Mr Speaker, Members of Seimas, distinguished members of the Lithuanian Gay League, colleagues, ladies and gentlemen,
Thank you for inviting me to this important press conference. I am very honoured and very moved. I have been asked to speak about the Swedish experience regarding lesbian, gay, bisexual and transgender (LGBT) rights. But as this press conference is the first of a series of events supported and funded by the European Union, let me first put LGBT-matters in an European perspective.
This is the “European Year of Equal Opportunities for all” and the protection of equal human rights is something that all countries in the European Union stand behind. On 3rd May 2007, TheEuropean Court of Human Rightsdelivered its judgement that clearly stated that everyone has the right to gather and express their opinions in public, including LGBT pride events such as the one which is planned for next week. To obstruct these rights is illegal and discriminatory. Any attempt to undermine equal human rights, including LGBT rights, is something the Swedish Government strongly opposes. The Swedish Foreign Minister, Mr Carl Bildt, who made a speech here in Seimas on January 13, stated in our Parliament that “For the [Swedish] Government it is self-evident that Sweden will react against discrimination of Homosexual, Bisexual and Transgender people wherever in the world it occurs. The [Swedish] Government is continuously raising these problems in bilateral dialogue with Governments where discrimination and other Human Rights violations are taking place.” The Swedish EU-minister and former Member of the European Parliament Cecilia Malmström will participate in an Pride-event planned to take place in Warsaw later this week.
The Swedish Government have during the last 20 years introduced many laws in order to strengthening the LGBT-rights. One of our important Swedish laws is The Basic Principles of the Constitution; Chapter 1, section 2 (SFS2002:905): “The public institutions shall combat discrimination of persons on grounds of gender, colour, national or ethnic origin, linguistic or religious affiliation, disability, sexual orientation, age or other circumstance affecting the private person. Sexual orientation is also included in the Penal code of Incitement to hatred chapter 16, section 8. Sweden also has a Registered Partnership Act, since 1995 and the Swedish Ombudsman against discrimination on sexual grounds.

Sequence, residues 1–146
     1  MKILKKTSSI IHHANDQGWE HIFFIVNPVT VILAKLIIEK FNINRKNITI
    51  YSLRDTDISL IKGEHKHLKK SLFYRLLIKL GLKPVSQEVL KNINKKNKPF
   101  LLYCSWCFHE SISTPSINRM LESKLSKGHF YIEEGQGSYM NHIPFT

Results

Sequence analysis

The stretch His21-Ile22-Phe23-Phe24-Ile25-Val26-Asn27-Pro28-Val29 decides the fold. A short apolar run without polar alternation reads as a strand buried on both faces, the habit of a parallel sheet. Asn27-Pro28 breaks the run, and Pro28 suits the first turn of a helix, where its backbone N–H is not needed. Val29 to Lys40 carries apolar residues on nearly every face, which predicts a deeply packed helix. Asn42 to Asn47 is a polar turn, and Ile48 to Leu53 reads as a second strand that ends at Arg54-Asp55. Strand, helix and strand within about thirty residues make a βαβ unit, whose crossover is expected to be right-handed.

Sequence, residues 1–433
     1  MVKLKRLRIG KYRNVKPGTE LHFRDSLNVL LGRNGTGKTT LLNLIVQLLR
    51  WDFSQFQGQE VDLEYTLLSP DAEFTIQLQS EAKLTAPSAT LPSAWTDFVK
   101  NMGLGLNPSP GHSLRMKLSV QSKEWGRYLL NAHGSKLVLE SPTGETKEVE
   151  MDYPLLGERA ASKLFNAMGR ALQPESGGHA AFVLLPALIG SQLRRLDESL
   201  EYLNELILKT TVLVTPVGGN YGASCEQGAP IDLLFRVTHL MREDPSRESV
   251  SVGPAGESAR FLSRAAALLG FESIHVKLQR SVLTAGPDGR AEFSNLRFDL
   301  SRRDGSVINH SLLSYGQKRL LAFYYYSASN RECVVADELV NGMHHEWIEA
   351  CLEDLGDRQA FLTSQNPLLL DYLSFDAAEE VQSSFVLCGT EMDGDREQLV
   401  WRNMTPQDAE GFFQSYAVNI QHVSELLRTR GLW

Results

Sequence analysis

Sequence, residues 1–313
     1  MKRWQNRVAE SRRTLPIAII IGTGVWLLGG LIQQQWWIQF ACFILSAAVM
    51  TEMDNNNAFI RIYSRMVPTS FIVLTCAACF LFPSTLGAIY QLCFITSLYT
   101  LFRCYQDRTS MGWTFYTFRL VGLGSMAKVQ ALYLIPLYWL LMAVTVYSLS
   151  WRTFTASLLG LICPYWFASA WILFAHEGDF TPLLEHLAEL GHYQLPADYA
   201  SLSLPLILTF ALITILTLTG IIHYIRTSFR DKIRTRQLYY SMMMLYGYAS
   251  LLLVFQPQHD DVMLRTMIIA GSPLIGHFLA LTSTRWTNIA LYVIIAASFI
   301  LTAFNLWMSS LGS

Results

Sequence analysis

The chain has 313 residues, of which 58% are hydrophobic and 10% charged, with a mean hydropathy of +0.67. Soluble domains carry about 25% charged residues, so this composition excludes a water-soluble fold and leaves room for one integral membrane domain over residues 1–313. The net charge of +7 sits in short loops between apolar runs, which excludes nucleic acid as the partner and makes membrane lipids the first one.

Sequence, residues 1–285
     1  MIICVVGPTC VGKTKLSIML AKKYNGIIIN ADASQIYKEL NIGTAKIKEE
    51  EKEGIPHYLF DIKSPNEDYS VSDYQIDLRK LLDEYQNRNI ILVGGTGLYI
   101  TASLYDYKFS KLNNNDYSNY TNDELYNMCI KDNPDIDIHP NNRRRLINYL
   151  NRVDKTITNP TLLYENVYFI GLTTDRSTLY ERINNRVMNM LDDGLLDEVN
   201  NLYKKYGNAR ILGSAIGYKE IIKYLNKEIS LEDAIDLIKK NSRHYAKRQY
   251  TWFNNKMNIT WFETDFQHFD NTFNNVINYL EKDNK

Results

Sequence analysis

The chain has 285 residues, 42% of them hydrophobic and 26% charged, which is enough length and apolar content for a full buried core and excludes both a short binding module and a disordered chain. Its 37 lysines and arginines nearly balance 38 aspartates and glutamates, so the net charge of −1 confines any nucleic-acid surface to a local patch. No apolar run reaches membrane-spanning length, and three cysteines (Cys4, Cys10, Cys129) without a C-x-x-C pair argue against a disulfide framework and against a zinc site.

Even in an open and democratic society the LGBT rights are not taken for granted. The LGBT rights in Sweden have developed from a long struggle for openness. RFSL- The Swedish Federation for Lesbian, Gay, Bisexual and Transgender Rights- started already in 1950 and is one of the oldest LGBT rights organisations in the world. The LGBT rights in Sweden developed from similar initiatives like the Rainbow Days that is organised here in Lithuania this week. The largest pride event in Sweden is the Stockholm Pride Festival. It started 1998 and has grown to be one of Stockholm’s largest annual festivals. All these pride events have contributed to the strengthening of the Swedish legislation on LGBT rights.
The Lithuanian Gay League (LGL) should feel that is has a strong official support from the Swedish Government. LGBT rights in an open and democratic society, is a matter of concern for everyone.
That is why I am proud to be here in Seimas today and to see people who stand up for basic European values.
I wish you good luck in your very important endeavour.